Harland v. No Named Respondent
ORDER Directing Applicant To File Amended Application, by Magistrate Judge Boyd N. Boland on 06/19/14. (nmarb, )
IN THE UNITED STATES DISTRICT COURT
FOR THE DISTRICT OF COLORADO
Civil Action No. 14-cv-01248-BNB
PAUL MICHAEL HARLAND,
WARDEN, Ordway Correctional Facility, and
THE ATTORNEY GENERAL OF THE STATE OF COLORADO,
ORDER DIRECTING APPLICANT TO FILE AMENDED APPLICATION
Applicant, Paul Michael Harland, is a prisoner in the custody of the Colorado
Department of Corrections at the Arkansas Valley Correctional Facility in Ordway,
Colorado. Pursuant to the Court’s Order to Cure Deficiencies, Applicant has filed an
Application for a Writ of Habeas Corpus Pursuant to 28 U.S.C. § 2254 and paid the $5
The Court must construe the Application liberally because Applicant is a pro se
litigant. See Haines v. Kerner, 404 U.S. 519, 520-21 (1972); Hall v. Bellmon, 935 F.2d
1106, 1110 (10th Cir. 1991). The Court, however, should not act as a pro se litigant’s
advocate. See Hall, 935 F.2d at 1110.
The Court has reviewed the Application submitted on June 17, 2014, and finds
that it is deficient. Applicant will be directed to file an Amended Application for the
Rule 4 of the Rules Governing Section 2254 Cases in the United States District
Courts requires that Applicant go beyond notice pleading. See Blackledge v. Allison,
431 U.S. 63, 75 n.7 (1977). Naked allegations of constitutional violations devoid of
factual support are not cognizable in a federal habeas action. See Ruark v. Gunter, 958
F.2d 318, 319 (10th Cir. 1992) (per curiam). Applicant must identify the constitutional
violation in each claim he seeks to raise and state the specific facts to support the
The Application also does not comply with Rule 8 of the Federal Rules of Civil
Procedure. The Federal Rules of Civil Procedure apply to applications for habeas
corpus relief. See Fed. R. Civ. P. 81(a)(2); Browder v. Director, Dep’t of Corrections,
434 U.S. 257, 269 (1978); Ewing v. Rodgers, 826 F.2d 967, 969-70 (10th Cir. 1987).
Pursuant to Fed. R. Civ. P. 8(a), a pleading “must contain (1) a short and plain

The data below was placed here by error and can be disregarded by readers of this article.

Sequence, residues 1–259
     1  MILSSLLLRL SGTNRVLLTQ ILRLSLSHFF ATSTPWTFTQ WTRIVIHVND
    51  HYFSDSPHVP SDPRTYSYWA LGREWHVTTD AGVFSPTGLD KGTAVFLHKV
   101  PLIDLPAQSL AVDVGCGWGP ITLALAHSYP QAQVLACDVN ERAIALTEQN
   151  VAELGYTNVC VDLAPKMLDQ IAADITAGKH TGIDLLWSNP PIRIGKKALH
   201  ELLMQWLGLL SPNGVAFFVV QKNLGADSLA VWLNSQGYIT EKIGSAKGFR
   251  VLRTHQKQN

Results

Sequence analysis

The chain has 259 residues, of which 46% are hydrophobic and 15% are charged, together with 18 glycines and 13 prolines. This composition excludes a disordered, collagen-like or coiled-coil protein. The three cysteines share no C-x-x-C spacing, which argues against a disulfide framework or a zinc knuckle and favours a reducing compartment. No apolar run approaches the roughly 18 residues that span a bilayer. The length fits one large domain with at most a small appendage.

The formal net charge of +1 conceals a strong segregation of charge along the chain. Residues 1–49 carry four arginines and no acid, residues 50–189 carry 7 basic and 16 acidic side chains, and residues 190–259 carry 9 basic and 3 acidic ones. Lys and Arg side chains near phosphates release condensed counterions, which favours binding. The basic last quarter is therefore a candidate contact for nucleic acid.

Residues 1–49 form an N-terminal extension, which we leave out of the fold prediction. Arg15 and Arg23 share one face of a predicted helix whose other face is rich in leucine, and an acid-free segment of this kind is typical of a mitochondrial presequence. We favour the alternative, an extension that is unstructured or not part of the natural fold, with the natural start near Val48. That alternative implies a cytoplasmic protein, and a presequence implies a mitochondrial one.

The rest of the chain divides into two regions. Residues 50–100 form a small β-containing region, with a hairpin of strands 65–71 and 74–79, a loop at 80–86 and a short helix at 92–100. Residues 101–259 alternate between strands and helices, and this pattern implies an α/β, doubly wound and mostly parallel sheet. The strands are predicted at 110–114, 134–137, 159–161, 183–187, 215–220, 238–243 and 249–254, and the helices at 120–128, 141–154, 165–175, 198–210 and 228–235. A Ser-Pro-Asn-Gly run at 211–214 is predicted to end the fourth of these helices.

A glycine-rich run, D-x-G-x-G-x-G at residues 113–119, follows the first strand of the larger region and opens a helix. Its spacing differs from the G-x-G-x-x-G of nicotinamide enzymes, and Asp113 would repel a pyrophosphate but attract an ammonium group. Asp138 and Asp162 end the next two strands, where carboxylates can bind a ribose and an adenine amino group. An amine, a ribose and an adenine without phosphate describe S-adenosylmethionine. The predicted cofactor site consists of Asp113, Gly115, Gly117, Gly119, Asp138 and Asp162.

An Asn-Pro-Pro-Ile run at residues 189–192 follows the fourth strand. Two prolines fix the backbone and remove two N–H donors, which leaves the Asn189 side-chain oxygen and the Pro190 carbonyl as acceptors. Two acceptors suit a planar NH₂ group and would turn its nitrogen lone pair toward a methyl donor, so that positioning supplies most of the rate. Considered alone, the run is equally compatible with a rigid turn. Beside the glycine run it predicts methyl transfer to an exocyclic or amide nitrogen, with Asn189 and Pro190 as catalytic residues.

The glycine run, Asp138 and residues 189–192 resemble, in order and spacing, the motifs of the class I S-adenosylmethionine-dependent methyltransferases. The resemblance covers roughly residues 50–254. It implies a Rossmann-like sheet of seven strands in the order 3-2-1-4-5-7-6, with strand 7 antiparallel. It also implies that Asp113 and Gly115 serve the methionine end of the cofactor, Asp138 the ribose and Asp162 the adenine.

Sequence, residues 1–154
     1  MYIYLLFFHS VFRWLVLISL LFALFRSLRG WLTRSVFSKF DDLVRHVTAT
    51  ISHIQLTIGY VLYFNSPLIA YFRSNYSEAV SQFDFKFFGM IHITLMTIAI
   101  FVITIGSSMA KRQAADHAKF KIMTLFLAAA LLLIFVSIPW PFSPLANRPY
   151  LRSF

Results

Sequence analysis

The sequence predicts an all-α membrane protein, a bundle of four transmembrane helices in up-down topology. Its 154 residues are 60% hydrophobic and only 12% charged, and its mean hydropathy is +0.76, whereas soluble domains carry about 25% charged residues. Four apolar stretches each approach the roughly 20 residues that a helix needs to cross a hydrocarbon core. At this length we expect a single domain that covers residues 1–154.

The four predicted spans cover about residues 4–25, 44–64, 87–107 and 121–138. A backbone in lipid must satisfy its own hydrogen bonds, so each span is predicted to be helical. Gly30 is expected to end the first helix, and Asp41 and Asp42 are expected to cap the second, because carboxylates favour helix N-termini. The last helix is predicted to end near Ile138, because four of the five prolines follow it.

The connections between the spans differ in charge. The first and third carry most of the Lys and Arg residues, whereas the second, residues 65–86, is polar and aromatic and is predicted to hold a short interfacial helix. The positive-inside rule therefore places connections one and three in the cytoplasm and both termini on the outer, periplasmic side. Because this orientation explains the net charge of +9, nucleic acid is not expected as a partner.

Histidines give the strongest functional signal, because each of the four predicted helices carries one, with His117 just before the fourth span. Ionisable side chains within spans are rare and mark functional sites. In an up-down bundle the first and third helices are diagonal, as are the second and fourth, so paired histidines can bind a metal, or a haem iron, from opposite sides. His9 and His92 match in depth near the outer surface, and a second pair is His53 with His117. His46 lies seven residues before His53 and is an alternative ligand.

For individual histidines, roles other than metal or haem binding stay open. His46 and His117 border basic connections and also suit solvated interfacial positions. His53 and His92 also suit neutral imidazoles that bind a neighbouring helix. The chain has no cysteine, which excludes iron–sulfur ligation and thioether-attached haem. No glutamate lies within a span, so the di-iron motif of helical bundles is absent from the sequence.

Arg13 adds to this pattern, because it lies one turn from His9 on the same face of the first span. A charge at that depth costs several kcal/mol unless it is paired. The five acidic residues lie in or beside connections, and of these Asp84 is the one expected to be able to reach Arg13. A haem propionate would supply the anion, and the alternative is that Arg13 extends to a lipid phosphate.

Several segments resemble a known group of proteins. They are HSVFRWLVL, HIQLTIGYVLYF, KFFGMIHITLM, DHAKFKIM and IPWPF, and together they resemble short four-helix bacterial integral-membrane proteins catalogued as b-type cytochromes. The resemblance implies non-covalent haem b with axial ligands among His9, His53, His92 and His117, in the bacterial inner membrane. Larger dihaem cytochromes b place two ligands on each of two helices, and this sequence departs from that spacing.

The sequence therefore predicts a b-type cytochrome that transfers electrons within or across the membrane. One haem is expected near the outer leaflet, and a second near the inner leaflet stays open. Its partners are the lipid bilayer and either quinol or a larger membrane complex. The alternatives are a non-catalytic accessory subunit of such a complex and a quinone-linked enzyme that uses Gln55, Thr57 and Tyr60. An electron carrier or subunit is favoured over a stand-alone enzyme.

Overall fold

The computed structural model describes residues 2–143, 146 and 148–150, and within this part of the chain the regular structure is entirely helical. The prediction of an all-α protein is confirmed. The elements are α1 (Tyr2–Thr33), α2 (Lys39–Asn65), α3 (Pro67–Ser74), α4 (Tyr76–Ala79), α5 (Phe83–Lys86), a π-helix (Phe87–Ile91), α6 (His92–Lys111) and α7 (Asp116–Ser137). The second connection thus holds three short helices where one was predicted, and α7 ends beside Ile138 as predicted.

statement of the grounds for the court’s jurisdiction, . . . (2) a short and plain statement
of the claim showing that the pleader is entitled to relief, and (3) a demand for the relief
sought.” Fed. R. Civ. P. 8(d)(1) provides that “[e]ach allegation must be simple,
concise, and direct.” Taken together, Rules 8(a) and (d)(1) underscore the emphasis
placed on clarity and brevity by the federal pleading rules. Although Applicant has failed
to comply with Fed. R. Civ. P. 8, he will be given an opportunity to file an Amended
The Court, therefore, will direct Applicant to file an Amended Application that
complies with the pleading requirements of Rule 8 and that identifies the constitutional
violation in each claim he seeks to raise and states the specific facts to support the
alleged violation in the Claims section of the application form. It is Applicant’s
responsibility to present his claims in a manageable format that allows the Court and
Respondents to know what claims are being asserted and to be able to respond to
those claims. Accordingly, it is
ORDERED that within thirty days from the date of this Order Applicant shall
file an Amended Application that complies with this Order. It is
FURTHER ORDERED that Applicant shall obtain the Court-approved 28 U.S.C.
§ 2254 Application form (with the assistance of his case manager or the facility’s legal
assistant), along with the applicable instructions, at www.cod.uscourts.gov. Applicant
must use the Court-approved form to file an Amended Application. It is
FURTHER ORDERED that if Applicant fails within the time allowed to file an
Amended Application as directed, the action will be dismissed without further notice.
DATED June 19, 2014, at Denver, Colorado.
BY THE COURT:
s/ Boyd N. Boland
United States Magistrate Judge
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